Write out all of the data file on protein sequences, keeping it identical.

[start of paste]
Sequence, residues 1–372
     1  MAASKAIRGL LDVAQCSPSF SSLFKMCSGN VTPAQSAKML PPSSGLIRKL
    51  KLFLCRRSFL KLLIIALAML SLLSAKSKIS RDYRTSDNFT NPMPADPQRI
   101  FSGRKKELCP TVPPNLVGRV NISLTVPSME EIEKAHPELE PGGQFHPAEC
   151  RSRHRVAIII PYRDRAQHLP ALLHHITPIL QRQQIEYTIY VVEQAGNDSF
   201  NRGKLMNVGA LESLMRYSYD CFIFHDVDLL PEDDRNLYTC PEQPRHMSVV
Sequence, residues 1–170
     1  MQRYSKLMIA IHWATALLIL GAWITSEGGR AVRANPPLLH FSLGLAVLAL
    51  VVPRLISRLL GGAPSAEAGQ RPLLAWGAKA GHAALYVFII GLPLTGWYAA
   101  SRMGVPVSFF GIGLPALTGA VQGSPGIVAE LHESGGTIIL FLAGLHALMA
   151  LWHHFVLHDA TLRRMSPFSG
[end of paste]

Sequence, residues 1–372
     1  MAASKAIRGL LDVAQCSPSF SSLFKMCSGN VTPAQSAKML PPSSGLIRKL
    51  KLFLCRRSFL KLLIIALAML SLLSAKSKIS RDYRTSDNFT NPMPADPQRI
   101  FSGRKKELCP TVPPNLVGRV NISLTVPSME EIEKAHPELE PGGQFHPAEC
   151  RSRHRVAIII PYRDRAQHLP ALLHHITPIL QRQQIEYTIY VVEQAGNDSF
   201  NRGKLMNVGA LESLMRYSYD CFIFHDVDLL PEDDRNLYTC PEQPRHMSVV
Sequence, residues 1–170
     1  MQRYSKLMIA IHWATALLIL GAWITSEGGR AVRANPPLLH FSLGLAVLAL
    51  VVPRLISRLL GGAPSAEAGQ RPLLAWGAKA GHAALYVFII GLPLTGWYAA
   101  SRMGVPVSFF GIGLPALTGA VQGSPGIVAE LHESGGTIIL FLAGLHALMA
   151  LWHHFVLHDA TLRRMSPFSG